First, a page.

From Library Journal
Berebitsky's work, which nicely fills a void in the social history of adoption, grew from a dissertation into an eminently readable and fascinating history of the adoption process and its implications from 1851 to 1950. Her well-documented study includes actual adoption cases and personal letters written by prospective adoptive parents. Imagine listing your expectations in a child much as you would the accessories in a car you were ordering! By also studying popular fiction and magazines, Berebitsky (history and director of the women's studies department, Univ. of the South) delivers a solid perspective on the period. As she shows, adoption wasn't always done for purely honorable reasonsDsometimes it was done for labor purposes, sometimes for the notion of protecting social order. It is unnerving to read about orphan trains or children who were abandoned or taken from a one-parent household only to be adopted and then ignored or used. Perhaps a follow-up will take this research up to today and compare and contrast adoptions after the sexual revolution and common use of birth control. Recommended for both academic and public libraries.DSandra Isaacson, OAO/US EPA, Las Vegas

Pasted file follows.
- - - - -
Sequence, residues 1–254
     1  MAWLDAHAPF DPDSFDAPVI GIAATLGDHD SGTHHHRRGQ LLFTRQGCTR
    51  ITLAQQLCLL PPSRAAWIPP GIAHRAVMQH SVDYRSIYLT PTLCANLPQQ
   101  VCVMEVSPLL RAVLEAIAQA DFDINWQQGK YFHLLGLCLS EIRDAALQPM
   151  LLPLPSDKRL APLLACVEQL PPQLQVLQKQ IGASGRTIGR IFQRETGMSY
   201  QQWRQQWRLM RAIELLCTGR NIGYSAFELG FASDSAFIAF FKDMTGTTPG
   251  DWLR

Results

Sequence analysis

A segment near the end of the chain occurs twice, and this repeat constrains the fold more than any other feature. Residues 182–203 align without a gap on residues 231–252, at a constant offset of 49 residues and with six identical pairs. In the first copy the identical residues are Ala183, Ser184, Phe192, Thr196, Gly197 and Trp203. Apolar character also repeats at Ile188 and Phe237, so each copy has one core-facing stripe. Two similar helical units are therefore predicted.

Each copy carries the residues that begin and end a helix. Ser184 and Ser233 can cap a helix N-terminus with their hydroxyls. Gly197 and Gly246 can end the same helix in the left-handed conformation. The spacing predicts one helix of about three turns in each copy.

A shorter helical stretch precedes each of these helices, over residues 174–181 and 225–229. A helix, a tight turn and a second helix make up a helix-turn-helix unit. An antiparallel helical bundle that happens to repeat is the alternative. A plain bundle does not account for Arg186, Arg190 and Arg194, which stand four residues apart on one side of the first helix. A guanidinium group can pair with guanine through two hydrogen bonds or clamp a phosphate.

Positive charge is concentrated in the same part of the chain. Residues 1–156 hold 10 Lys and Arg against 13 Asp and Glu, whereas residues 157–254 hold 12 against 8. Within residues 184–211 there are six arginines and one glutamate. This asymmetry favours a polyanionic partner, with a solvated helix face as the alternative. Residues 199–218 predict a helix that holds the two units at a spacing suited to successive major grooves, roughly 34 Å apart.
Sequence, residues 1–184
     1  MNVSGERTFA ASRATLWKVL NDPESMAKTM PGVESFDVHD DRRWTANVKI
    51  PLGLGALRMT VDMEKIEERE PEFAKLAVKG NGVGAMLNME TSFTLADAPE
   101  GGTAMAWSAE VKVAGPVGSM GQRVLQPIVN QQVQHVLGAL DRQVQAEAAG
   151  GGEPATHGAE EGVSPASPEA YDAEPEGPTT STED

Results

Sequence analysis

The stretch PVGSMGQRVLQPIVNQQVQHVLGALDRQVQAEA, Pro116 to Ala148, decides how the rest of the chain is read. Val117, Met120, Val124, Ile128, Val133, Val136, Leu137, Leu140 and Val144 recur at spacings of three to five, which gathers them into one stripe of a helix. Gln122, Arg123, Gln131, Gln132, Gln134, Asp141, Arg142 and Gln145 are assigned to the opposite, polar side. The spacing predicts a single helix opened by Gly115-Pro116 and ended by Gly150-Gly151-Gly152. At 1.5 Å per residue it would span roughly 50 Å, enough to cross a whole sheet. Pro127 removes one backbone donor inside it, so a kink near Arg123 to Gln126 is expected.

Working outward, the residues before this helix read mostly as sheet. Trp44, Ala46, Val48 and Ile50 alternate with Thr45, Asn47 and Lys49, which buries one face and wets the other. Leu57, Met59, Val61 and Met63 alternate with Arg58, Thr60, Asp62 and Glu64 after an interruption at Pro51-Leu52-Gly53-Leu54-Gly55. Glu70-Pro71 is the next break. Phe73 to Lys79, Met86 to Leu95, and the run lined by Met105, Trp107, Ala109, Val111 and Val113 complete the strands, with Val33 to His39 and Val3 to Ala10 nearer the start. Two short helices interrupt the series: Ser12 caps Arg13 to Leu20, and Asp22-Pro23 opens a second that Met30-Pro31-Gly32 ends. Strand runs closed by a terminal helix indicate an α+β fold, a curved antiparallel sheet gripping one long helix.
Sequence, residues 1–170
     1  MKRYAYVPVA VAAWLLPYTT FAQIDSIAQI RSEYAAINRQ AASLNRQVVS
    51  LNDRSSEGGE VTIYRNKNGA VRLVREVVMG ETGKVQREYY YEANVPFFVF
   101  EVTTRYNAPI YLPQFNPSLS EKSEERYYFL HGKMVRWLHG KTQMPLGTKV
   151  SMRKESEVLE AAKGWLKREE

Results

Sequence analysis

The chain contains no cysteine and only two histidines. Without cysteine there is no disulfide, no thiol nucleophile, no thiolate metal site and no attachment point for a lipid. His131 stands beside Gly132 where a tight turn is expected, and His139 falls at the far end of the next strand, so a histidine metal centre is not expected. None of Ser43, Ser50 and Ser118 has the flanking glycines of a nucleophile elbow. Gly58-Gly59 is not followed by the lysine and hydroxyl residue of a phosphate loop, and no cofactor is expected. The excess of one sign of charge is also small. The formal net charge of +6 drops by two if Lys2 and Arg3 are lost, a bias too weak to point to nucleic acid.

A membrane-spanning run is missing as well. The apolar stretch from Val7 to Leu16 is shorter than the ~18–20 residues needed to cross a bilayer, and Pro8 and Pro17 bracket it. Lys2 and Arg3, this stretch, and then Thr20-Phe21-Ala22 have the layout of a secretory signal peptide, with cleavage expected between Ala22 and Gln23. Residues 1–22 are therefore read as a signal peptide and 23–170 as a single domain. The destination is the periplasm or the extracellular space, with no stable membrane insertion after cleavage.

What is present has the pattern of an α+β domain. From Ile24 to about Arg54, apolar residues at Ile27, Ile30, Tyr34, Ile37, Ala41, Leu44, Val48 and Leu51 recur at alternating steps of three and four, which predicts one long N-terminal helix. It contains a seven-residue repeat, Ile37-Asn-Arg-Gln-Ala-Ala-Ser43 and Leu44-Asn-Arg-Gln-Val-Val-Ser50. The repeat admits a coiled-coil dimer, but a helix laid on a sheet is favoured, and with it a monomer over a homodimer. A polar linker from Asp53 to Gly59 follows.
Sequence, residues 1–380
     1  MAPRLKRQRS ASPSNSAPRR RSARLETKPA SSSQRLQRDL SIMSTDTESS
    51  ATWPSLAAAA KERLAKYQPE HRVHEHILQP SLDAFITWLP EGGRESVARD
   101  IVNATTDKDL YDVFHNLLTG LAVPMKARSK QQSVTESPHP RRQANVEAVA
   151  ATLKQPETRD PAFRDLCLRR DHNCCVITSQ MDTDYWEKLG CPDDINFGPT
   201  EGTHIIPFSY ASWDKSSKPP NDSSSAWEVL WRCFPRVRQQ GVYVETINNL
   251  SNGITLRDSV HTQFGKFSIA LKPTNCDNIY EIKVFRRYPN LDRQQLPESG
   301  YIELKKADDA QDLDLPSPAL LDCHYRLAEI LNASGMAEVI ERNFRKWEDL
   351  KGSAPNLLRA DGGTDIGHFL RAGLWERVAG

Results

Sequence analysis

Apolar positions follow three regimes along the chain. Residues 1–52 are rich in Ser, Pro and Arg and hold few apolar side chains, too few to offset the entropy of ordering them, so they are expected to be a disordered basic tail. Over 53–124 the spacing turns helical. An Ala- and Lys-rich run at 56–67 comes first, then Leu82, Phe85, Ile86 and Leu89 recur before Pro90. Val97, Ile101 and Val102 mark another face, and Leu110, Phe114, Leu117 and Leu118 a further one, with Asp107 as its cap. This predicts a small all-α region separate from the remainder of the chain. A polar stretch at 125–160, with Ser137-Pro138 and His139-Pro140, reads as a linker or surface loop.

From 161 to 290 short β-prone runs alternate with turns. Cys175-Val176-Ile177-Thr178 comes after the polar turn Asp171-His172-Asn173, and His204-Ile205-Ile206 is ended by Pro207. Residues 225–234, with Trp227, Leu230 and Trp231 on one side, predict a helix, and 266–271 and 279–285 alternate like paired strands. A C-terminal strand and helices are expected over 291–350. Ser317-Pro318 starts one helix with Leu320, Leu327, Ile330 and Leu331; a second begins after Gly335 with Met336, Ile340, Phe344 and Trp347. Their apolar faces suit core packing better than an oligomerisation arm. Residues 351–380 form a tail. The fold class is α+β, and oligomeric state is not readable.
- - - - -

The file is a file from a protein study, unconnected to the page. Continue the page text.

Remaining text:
Copyright 2001 Reed Business Information, Inc.
From the Back Cover
"Thoughtful, provocative, and lucidly written, this fascinating book explores a history that is both largely uncharted and of considerable contemporary interest. Berebitsky argues that early adoption practices held the potential to broaden our cultural ideologies of family and domesticity--but that, as its definition narrowed, adoption came to mirror the biological family, thus losing its utopian appeal."--Barbara Melosh, author of Gender and American History since 1890